Nova Scotia

Report blasts south shore authority

An audit firm hired by the provincial government has found serious deficiencies at Nova Scotia's South West Shore Development Authority.

Proper accounting procedures not followed at SWSDA

An audit firm hired by the Nova Scotia government has found serious deficiencies at the South West Shore Development Authority.

Ernst and Young's report was released Wednesday. It suggests there was little control over the way CEO Frank Anderson ran the authority and another group, the Yarmouth Area Industrial Commission.

Ernst and Young said the board of directors had no clear mandate, lacked key skills and had little information on which to base decisions.

The authority is a regional development agency that represents nine towns, including Yarmouth and Shelburne.

The 73-page document examined the administration of the regional development authority from January 2008 to February 2010, the sale of the Shelburne Youth Centre and the relationship with the Yarmouth Area Industrial Commission.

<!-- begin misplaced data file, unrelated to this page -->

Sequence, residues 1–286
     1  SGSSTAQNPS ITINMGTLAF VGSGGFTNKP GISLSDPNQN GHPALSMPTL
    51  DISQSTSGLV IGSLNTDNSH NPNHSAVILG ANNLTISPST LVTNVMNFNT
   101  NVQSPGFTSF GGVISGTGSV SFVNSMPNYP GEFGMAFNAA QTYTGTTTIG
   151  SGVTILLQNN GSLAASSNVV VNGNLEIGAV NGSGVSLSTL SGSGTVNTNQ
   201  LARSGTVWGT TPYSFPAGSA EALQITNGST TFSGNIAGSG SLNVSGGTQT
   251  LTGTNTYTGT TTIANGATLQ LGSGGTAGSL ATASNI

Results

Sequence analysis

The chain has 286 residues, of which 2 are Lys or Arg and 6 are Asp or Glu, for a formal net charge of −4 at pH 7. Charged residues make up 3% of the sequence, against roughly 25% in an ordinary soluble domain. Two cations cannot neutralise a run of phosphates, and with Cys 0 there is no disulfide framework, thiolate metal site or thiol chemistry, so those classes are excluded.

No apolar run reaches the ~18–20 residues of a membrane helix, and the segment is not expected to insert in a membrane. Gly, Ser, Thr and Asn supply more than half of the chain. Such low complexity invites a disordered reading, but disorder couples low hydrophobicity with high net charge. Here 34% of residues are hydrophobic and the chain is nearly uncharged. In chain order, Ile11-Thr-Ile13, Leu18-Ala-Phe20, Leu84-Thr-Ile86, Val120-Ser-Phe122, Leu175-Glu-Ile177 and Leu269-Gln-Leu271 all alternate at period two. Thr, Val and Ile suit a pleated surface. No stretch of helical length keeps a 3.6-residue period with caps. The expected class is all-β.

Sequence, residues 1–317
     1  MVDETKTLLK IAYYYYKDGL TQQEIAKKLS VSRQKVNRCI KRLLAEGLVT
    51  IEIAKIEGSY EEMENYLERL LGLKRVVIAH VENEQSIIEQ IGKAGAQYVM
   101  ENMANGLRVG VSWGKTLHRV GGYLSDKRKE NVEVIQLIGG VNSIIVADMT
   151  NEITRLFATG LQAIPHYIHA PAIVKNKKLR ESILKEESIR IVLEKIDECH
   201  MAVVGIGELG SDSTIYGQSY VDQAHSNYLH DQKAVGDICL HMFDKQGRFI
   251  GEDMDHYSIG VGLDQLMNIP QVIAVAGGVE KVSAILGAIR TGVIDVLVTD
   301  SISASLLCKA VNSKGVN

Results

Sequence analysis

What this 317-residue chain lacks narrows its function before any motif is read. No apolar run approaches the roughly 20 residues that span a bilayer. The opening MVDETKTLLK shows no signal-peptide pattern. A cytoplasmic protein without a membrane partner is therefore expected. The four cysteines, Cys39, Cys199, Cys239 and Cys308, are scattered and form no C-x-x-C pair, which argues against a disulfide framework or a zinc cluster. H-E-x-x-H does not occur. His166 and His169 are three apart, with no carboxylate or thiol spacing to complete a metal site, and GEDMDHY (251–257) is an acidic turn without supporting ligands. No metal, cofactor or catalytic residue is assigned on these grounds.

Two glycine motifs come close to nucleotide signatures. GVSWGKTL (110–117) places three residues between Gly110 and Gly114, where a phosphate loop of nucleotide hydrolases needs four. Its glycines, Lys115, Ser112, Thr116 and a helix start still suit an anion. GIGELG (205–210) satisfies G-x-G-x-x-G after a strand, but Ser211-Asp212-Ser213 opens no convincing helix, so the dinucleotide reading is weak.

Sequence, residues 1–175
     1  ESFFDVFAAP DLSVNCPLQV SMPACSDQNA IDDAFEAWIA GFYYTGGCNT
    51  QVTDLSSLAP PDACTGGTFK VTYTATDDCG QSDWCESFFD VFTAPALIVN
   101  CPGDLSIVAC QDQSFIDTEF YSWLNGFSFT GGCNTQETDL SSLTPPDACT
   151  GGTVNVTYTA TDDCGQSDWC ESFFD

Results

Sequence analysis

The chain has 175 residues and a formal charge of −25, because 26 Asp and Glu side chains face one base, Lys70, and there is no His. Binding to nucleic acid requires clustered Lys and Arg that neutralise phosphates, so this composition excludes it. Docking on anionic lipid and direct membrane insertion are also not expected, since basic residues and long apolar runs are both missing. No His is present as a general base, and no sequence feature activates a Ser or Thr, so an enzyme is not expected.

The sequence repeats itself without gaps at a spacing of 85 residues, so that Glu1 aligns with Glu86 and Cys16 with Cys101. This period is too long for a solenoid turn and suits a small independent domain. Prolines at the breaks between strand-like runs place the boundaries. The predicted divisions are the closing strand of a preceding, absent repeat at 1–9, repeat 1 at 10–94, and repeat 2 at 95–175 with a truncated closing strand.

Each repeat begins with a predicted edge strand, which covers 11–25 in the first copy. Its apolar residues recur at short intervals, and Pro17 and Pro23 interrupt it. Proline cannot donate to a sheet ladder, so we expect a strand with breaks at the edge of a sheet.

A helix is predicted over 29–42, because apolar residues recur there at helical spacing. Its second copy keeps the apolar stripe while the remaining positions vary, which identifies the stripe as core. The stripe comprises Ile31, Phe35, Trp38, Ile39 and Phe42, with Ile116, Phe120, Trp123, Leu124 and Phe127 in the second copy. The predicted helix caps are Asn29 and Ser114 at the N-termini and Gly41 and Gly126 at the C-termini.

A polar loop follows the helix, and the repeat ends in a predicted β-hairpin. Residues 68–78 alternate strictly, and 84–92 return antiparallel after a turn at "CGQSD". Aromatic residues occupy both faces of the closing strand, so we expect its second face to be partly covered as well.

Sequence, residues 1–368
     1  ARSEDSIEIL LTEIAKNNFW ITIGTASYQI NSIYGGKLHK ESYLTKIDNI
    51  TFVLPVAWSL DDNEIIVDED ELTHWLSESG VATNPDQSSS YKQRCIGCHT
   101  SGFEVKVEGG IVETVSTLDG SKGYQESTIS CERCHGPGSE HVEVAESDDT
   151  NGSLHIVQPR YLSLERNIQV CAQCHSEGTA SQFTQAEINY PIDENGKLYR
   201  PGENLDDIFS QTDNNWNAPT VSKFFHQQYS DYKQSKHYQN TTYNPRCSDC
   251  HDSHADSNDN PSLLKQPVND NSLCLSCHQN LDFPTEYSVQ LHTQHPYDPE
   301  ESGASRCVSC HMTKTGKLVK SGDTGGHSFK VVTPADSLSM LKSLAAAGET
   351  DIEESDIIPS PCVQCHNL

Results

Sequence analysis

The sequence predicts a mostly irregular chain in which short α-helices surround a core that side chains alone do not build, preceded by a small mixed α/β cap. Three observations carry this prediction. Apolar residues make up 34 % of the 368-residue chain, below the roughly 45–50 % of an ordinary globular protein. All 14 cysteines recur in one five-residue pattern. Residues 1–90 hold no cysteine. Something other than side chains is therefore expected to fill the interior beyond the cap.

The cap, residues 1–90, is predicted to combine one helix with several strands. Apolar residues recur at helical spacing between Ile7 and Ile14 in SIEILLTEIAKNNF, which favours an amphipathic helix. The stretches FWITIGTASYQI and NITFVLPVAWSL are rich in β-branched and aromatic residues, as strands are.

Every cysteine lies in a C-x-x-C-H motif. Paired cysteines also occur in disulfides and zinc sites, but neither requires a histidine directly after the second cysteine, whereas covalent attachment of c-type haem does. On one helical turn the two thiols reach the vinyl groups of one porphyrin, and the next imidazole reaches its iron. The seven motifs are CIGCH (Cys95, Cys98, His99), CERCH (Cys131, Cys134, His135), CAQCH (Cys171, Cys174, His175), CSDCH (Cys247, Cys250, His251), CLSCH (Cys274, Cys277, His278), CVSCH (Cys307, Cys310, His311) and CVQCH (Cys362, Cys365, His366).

The province was the authority's biggest funding partner.

Percy Paris, the minister of economic development, briefed reporters about the audit Wednesday afternoon.

"The question is, are taxpayers out of money? And I would say no, not that we know of," he said.

"However, having said that, is there still monies that are owed people in Yarmouth? Absolutely. Proper accounting procedures were not followed."

$500,000 missing

The report found the board of the organization didn't have the necessary skills or information to oversee the running of the development authority.

Paris said those who are owed money should sue the authority to try to recoup their losses.

The government audited the authority's books after irregularities in their accounting procedures were found by the Ombudsman's office.

Neal Conrad, executive director of community and rural development, says the authority owes or cannot account for close to $500,000.

"Board effectiveness and oversight needs significant improvement and immediate attention," the report states.

It calls for the hiring of a board advisor to help implement the report's recommendations.

Those recommendations include the creation of a board mandate, a code of conduct and a CEO position description. It also urges the board to develop executive policies that clearly set out the parameters in which the CEO can operate.

"The board has started the process of reviewing this report and has already started to act on these findings," said Phil LeBlanc, chairman of the South West Shore Development Authority.